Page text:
“Tough times never last, but tough people do.”
The above quote and others like it are quotes I have seen repeated over and over again in the current climate. Prescribed as if it is a magic pill we can use to remedy the unprecedented situation we have all been forced into. The truth is that it can do the opposite, exacerbating our suffering and destroying our minds.
Our minds are fragile things, and an untrained mind is often unable to deal with the demands our current way of living places on us. The way our societies here in the developed world are structured currently have made our lives safer and more comfortable. The vast majority of us no longer need to worry about dying from starvation. We no longer need to worry about external threats from animal attacks or other people wanting what we have. Our ancestors on the African savannah, on the other hand, faced real existential threats, and their minds developed mechanisms like anxiety and stress to take these threats seriously. The humans who didn’t have these mechanisms in place died off because they didn’t feel fear and a need to protect themselves when they heard a noise in the bush, they got eaten by the tiger waiting for them there. Those humans that heard the sound in the bush and ran off out of fear and anxiety survived to breed; and we humans of today are their direct descendants. It is no surprise that humans today have highly honed anxiety switches that switch on and off without warning.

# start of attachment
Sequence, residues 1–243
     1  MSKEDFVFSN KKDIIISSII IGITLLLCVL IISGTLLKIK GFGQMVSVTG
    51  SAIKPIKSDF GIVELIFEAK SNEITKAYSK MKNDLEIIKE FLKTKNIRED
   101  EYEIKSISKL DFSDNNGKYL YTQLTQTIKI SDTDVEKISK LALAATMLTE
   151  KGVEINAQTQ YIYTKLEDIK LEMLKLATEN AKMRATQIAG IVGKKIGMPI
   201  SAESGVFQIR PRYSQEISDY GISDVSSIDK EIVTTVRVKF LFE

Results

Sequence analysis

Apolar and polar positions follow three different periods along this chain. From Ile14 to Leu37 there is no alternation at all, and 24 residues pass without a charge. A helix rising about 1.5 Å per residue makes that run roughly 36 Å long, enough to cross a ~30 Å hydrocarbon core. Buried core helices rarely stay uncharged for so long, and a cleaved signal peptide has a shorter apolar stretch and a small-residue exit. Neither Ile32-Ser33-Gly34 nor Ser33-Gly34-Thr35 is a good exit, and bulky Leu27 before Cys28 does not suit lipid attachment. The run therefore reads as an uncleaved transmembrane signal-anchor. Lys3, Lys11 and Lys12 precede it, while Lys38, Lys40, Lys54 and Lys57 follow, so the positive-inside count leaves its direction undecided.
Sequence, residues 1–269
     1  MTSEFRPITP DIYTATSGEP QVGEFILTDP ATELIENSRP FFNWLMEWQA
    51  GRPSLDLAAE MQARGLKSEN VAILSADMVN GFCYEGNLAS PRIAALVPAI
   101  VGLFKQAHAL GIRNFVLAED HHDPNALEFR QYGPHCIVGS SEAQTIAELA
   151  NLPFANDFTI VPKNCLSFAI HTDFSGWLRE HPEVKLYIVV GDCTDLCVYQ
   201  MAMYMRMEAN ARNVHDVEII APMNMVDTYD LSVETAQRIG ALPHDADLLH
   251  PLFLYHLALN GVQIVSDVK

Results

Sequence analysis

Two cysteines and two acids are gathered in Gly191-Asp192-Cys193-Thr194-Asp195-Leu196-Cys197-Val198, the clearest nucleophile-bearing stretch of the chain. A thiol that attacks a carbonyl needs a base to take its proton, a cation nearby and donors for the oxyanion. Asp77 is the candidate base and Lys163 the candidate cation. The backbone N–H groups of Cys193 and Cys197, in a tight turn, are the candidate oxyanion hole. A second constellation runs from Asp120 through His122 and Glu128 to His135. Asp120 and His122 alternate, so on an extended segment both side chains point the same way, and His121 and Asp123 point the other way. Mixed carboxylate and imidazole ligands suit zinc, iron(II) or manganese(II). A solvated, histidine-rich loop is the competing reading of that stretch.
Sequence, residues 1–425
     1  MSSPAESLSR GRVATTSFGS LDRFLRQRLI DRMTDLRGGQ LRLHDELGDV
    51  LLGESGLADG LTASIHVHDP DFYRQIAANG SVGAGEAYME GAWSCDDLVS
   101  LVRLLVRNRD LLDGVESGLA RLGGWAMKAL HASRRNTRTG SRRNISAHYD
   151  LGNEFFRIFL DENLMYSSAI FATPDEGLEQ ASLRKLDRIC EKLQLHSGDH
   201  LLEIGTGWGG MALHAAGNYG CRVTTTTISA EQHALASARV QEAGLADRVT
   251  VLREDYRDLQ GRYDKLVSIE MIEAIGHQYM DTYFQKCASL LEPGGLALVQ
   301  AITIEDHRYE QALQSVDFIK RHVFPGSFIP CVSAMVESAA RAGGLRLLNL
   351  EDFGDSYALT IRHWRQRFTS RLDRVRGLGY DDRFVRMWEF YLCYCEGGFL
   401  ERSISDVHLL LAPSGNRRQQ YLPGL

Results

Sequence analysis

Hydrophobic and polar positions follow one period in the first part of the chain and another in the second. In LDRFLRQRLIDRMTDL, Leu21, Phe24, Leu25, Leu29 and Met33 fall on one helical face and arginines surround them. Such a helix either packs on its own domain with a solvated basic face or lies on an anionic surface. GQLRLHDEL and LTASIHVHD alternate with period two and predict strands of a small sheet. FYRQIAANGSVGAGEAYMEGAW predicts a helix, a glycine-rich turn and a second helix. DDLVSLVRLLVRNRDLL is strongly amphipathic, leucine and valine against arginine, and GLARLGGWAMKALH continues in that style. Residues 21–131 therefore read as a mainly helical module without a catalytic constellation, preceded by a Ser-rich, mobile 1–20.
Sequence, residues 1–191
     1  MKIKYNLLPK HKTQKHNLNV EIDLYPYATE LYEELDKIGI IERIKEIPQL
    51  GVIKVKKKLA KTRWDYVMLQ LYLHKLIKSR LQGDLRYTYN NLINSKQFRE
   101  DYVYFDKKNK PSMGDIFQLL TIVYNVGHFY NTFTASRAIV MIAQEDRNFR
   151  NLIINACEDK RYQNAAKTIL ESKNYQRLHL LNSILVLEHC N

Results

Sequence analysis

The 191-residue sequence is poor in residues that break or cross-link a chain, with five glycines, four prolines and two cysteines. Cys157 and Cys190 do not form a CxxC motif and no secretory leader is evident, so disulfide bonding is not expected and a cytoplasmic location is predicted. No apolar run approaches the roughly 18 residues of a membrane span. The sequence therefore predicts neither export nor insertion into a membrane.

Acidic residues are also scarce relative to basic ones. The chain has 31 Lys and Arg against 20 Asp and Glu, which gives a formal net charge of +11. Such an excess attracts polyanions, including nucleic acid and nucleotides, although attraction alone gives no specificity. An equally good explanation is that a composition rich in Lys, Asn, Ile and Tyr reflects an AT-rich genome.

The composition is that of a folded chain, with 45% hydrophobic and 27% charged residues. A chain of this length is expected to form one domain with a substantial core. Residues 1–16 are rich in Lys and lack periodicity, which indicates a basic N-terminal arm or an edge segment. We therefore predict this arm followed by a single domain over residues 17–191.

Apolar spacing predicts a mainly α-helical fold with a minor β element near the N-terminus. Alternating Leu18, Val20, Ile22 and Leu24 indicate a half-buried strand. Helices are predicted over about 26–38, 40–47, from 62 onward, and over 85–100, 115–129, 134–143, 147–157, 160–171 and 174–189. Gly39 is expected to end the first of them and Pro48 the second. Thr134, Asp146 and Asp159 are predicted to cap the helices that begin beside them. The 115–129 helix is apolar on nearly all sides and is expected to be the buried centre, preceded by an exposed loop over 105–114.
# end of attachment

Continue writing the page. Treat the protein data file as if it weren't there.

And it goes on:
The threats we face today are usually not existential, but these triggers in our minds do not know the difference. Whether you fear a wild animal or fear having no work to go back to when this is over, you will get the same fight and flight response either way. As these existential threats are mostly non-existent any longer, our sensors have shifted. We no longer look for threats to our lives; we now look for threats to our comfort and our way of life. Our anxiety and stress triggers are switched on as soon as we feel challenged in any way that will take us out of our comfort zone.
Mental processes like anxiety and stress are analogous to fire alarms. They are there to warn of a potential danger to us, and our judgement and aversion to this feeling cause us to suffer. We feel guilty and bad for feeling anxious as we think that we should be tougher. This thought process can make things even worse for us.
Try dealing with your mental health with compassion, acceptance and love. Accept that it is an evolved part of you like your feeling of hunger or thirst is and try understanding what message it is giving you. This is how we develop real resilience and toughness in a universe that we have very little control over.